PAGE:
Lewis battles back in the Austrian Alps

  • Rosberg and Hamilton collide once more
  • Mercedes bosses contemplate intervention

The team management at Mercedes must have been pulling their hair our after their two drivers made contact yet again in Austria while battling for the lead of the race.

The Austrian Grand Prix duly delivered a sizeable portion of edge-of-your-seat thrills and dramatic last lap spills when the lights went out at round 9 of the Formula 1 World Championship.

Perched amid the breath-taking backdrop of the Styrian Mountains, the Spielberg circuit produced a script that not even its namesake director could have written.

Brits Set The Early Pace

A great start by British drivers Lewis Hamilton and Jenson Button from pole position and third on the grid respectively saw them leading the pack after the first lap, with Rosberg further down the field but making steady progress early on.

After the leaders had pitted, Sebastian Vettel’s took up the mantle of leading the race from the front until lap 27. On the start/finish straight, the Ferrari’s tyre failed at high speed, sending Vettel careering out of control as the tyre exploded in spectacular fashion, leaving debris across the track for the other drivers to negotiate, triggering the safety car to come out for a spin until normal racing could get back underway.

“Out of nowhere, the tyre decided to blow up”

Button’s McLaren Honda, which was impressively quick all weekend, slipped back to fifth in the pack, having managed to fend off challenges from behind for seven laps of the Spielberg track.

Mercedes were then left to dictate the rest of the race from the front with Hamilton in front of Rosberg but, somewhat controversially, the team decided to split their driver’s strategies, putting race leader Lewis on a one-stop and Nico on a two-stop strategy. Tyre degradation on the number 44 Mercedes and the proximity of the chasing pack left the reigning World Champion in the unenvious position of having to adapt his race to a two-stop strategy.

Plain Sailing For Mercedes?

Rosberg’s car, fitted with the quicker Super Soft tyres, had a one second advantage over Hamilton due to a slower stop by Lewis’ pit crew at the final round of stops, prompting a less than impressed Hamilton to angrily question the tyre choice over the team radio going into the closing laps.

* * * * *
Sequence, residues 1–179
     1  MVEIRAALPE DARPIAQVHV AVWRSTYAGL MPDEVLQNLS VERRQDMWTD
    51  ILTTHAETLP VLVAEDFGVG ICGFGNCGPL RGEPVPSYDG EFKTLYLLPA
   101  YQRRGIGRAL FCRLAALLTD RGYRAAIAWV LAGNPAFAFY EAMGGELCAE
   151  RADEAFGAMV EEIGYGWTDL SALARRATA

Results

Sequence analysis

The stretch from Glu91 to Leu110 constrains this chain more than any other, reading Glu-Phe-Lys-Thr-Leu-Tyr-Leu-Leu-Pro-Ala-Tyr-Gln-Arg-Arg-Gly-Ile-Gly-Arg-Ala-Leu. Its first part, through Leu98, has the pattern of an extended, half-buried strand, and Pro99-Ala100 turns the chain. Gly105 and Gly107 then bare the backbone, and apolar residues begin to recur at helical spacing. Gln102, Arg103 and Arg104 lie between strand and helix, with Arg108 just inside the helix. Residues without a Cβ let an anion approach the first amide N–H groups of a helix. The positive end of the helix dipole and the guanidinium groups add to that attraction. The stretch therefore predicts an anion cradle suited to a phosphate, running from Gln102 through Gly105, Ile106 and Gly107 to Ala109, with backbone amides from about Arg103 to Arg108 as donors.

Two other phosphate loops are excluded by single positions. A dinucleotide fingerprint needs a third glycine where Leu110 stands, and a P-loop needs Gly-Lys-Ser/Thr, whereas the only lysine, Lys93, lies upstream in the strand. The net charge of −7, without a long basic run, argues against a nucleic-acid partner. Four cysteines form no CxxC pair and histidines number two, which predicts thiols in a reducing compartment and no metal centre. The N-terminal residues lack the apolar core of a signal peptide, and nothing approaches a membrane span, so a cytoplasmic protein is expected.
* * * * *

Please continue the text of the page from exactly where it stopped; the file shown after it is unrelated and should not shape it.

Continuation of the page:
Tyre degradation would again prove key, as up front Rosberg’s suffered tyre wear, allowing Hamilton to close up behind him.

Sure enough, the closing lap of the race brought the drama that the Formula One Paddock Club hospitality guests craved and that the race had been threatening. Hamilton got a fantastic exit out of turn one of the final lap allowing him to get a fantastic tow in the slipstream of his team-mate before flicking his Mercedes to the left to draw level on the outside of the approach to turn two.

His German team-mate, looking to assert his authority and claim the race victory, had other ideas.

Rosberg, desperate to maintain his advantage on the last lap, delayed turning in for the corner and forced Hamilton out wide, resulting in the two colliding as Lewis tried to make the turn in. Lewis went off the track after the contact but was seemingly unscathed; however Nico’s front wing had sustained damage and sparks flew as it remained trapped under the nose of his car.


Mercedes team boss Toto Wolff was seen slamming his fists into his desk as he watched on almost in sheer disbelief from the garage as his drivers threw away what seemed a nailed on one-two finish.

Roars filled the air as F1 fans in the grandstands watched on as the two main title protagonists played out their own demolition derby in the heat of battle not for the first time this season.

Cheers and jeers greeted the chequered flag moments later, as some of the partisan Austrian crowd made their feelings known at having to watch the German nurse his stricken Silver Arrow over the finish line in fourth, having been overtaken by Max Verstappen and Kimi Raikkonen.

Following a somewhat turbulent podium ceremony, both drivers were left to consider the potential fall-out of the race with an eager media.

What They Said

On the podium amid a chorus of boos from the crowd, Hamilton said “He made a mistake into turn one and I had an opportunity to go around the outside in turn two. I left a lot of room on the inside and I guess he locked up and crashed into me.”

Whereas Rosberg, penalised with license penalty points and a 10 second time penalty, offered an alternative view, “Absolutely gutted, we were battling and I was struggling a little with my brakes. I went a bit deep but that is fine because I am on the inside so I can dictate. So I was surprised Lewis turned in and caused a collision. It’s unbelievable.”

An exasperated Toto Wolff acknowledged after the race that the Mercedes management may have to consider “unpopular” team orders. “It makes me want to puke myself but if racing is not possible without contact then that is a consequence”.

One thing is for certain: all eyes will locked on the two Mercedes men as the Formula 1 World Championship marches on to Silverstone for the British Grand Prix this weekend.

Motor Sport Hospitality

Austrian GP 2016 Round-Up